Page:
“Hey, remember me?”
It took almost two minutes into the unexpected release of ‘To The Moon And Back’ for Karin Dreijer, almost sweetly, to re-emerge eight years after her self-titled debut as Fever Ray. Accompanied by a video as weirdly wonderful as anything Vulva from Spaced could have conjured, it marked the beginning of an enigmatic return that saw Fever Ray’s new album ‘Plunge’ announced and released within 24 hours. Forget the fact that the physical release won’t arrive until February 2018, because whenever Dreijer does surface from whatever eclectic netherworld she’s creatively been inhabiting; her absences have always made dark hearts grow fonder.
‘Plunge’ is (no) different. Here, Dreijer plays it out with the flamboyant claustrophobia and witchy anxiety that made ‘Fever Ray’ such a deliciously compelling listen. There’s the familiar flashes of political fury, manifestos are barked, messages get buried in abstract lyricism and, familiarly, you can never truly escape the sensation that you’re being reeled in every step of the way.
In the accompanying album literature, Dreijer sets out her typically abstract intent. Whether it’s an invitation to digest or decipher, her words veer from the political to the personal and the sexual. “I had a plan for how sex or at least some kind of heartfelt physical intensity could save us,” she writes, “but I threw it off the roof along with the body and it fell into the silence that limns the edge of the song.” Sex, then, is a prevalent theme throughout, and she visits it subtly and brazenly through the directly suggestive “I want to slide my fingers up your pussy” on ‘To The Moon And Back’ and the part-punk, part-industrial manifesto protest of ‘This Country’ where, over creepy piano lines, Dreijer implores “It’s not hard to love me”, demands “Free abortions and clean water/destroy nuclear, destroy boring” and declares “This house makes it hard to fuck/This country makes it hard to fuck.”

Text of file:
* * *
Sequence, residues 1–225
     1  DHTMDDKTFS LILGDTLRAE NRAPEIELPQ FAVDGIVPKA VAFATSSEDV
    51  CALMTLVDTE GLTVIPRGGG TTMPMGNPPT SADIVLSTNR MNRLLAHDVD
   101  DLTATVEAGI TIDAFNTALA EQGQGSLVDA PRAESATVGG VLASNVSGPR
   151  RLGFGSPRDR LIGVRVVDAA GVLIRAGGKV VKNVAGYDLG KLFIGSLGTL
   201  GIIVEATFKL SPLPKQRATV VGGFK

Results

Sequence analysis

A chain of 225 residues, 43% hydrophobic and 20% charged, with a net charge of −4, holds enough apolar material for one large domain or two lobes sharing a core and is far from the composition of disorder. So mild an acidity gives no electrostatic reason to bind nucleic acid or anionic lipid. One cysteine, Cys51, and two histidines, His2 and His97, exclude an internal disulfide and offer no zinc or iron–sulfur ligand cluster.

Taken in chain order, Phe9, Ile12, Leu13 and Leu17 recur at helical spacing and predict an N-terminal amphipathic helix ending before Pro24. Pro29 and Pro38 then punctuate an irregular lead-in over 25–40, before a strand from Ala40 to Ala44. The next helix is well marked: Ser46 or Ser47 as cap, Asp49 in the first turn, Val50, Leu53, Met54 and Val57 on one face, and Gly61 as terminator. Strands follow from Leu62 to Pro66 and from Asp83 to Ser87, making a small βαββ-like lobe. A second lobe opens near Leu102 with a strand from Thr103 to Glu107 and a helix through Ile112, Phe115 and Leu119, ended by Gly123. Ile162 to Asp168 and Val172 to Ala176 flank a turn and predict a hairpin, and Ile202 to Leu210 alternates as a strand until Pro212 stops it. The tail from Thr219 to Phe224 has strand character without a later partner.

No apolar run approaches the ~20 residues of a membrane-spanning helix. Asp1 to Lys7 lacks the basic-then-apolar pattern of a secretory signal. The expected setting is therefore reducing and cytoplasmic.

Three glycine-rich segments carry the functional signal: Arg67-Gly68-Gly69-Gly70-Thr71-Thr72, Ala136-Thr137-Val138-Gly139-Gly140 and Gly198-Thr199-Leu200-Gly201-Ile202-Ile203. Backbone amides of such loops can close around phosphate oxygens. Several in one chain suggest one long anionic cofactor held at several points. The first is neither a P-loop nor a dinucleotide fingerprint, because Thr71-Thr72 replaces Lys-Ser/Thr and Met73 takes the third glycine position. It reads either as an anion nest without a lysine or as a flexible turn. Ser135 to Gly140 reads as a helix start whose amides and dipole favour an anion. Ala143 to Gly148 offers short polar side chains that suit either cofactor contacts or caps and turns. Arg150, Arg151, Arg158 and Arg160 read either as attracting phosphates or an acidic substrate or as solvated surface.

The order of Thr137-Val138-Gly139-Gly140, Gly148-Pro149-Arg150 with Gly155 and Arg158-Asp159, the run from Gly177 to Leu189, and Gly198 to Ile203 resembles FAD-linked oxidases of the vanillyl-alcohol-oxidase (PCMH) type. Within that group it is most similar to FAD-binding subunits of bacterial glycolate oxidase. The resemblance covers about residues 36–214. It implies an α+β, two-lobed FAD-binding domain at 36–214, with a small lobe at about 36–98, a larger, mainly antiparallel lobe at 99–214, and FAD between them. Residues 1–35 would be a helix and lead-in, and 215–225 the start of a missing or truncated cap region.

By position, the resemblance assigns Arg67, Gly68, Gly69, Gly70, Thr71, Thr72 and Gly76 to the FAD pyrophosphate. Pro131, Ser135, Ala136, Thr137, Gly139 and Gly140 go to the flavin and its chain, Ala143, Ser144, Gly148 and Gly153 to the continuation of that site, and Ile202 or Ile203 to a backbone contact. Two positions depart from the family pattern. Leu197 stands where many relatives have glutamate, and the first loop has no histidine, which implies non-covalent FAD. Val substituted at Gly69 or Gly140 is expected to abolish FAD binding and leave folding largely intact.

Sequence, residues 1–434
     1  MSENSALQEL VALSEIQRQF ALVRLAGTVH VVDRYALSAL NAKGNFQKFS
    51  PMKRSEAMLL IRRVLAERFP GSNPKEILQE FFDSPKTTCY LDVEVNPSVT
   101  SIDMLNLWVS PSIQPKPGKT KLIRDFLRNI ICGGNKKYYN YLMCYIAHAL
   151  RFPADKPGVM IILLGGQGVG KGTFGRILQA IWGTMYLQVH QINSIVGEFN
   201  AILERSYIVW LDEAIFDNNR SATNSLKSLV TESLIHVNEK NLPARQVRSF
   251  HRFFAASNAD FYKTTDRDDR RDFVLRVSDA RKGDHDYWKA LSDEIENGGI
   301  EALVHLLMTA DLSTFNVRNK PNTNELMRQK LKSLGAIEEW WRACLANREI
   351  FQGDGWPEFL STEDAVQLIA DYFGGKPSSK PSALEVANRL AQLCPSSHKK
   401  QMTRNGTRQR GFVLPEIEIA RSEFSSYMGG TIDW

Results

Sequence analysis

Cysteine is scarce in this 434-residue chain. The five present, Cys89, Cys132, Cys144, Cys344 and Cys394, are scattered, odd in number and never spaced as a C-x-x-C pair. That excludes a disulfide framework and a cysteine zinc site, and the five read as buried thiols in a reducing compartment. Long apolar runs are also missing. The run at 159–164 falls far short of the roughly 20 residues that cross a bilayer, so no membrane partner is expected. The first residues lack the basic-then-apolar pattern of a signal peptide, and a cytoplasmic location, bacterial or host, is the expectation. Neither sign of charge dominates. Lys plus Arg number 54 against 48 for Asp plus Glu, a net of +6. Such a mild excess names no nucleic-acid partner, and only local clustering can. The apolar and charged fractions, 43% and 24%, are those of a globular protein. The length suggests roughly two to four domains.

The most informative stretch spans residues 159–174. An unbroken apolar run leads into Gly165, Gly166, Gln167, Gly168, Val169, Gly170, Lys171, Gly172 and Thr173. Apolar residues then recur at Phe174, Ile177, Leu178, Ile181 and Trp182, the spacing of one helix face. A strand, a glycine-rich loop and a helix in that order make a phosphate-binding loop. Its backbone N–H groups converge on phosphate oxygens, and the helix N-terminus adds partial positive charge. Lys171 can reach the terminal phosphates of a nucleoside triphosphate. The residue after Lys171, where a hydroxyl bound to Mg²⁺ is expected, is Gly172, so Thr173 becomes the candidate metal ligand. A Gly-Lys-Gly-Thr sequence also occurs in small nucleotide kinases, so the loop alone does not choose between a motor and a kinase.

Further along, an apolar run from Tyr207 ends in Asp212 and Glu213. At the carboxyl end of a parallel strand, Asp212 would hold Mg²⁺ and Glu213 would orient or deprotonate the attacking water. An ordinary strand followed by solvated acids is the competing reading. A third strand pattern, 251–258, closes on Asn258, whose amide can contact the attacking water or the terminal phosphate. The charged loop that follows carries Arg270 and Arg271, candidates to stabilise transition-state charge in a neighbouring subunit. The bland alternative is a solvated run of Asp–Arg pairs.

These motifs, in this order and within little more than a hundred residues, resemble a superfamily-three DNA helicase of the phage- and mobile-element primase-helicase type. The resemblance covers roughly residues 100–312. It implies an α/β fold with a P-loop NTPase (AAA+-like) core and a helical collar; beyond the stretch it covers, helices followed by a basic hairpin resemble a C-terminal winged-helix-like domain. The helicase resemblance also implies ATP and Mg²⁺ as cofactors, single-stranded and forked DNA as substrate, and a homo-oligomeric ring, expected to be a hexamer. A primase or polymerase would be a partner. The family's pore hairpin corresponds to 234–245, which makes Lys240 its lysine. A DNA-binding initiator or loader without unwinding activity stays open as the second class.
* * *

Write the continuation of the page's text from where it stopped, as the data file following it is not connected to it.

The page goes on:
How literally you can or want to interpret that remains the beauty of Fever Ray. The pride in the opacity, obliqueness and obscurity in which she has managed to shroud much of her career is as strong as ever. We’ll probably never know the real Karin Dreijer, just flashes of her in the many personas she projects as she hides behind masks and costumes, slithers and skulks in smoke and shadows; bold and powerful, ambiguous and elusive but always forceful.
Those familiar theatrics come through on tracks like ‘Falling’ as Dreijer’s elongated delivery gets stretched over heart-monitor percussion, creaks and clangs, and the noises that make you question whether you locked the doors at night. ‘A Part of Us’ maintains the mania with her manipulated vocal twisting and contorting like spirits are trapped in your stereo speakers while ‘Mustn’t Hurry’ carries the same doleful pop bump as ‘Triangle Walks’ did— Dreijer’s vocals floating over a subdued boom-bap beat. The real oddity, however, is ‘IDK About You’ as it bounces into a 150BPM ragga rhythm with orgasmic gasps and perky acid synths giving it a peppy energy that sets it outside the crawling, séance pace of the rest of the album.
There’s long been a paradox of expecting the unexpected when it comes to Dreijer’s artistic endeavours but when you’re as adept at blurring the lines as she has with Fever Ray, even if we were ready for the arrival, we’re never fully prepared for the outcome. Her debut as Fever Ray set the expectation for Dreijer’s solo venture but ‘Plunge’ is going to be another rich reward for committed listening. Remember Fever Ray? How could you ever forget.
Gift subscriptions are now available
It’s been a long time coming, but you can now buy your pal/lover/offended party a subscription to Loud And Quiet, for any occasion or no occasion at all.
Gift them a month or a full year. And get yourself one too.
Whoever it’s for, subscriptions allow us to keep producing Loud And Quiet and supporting independent new artists, labels and journalism.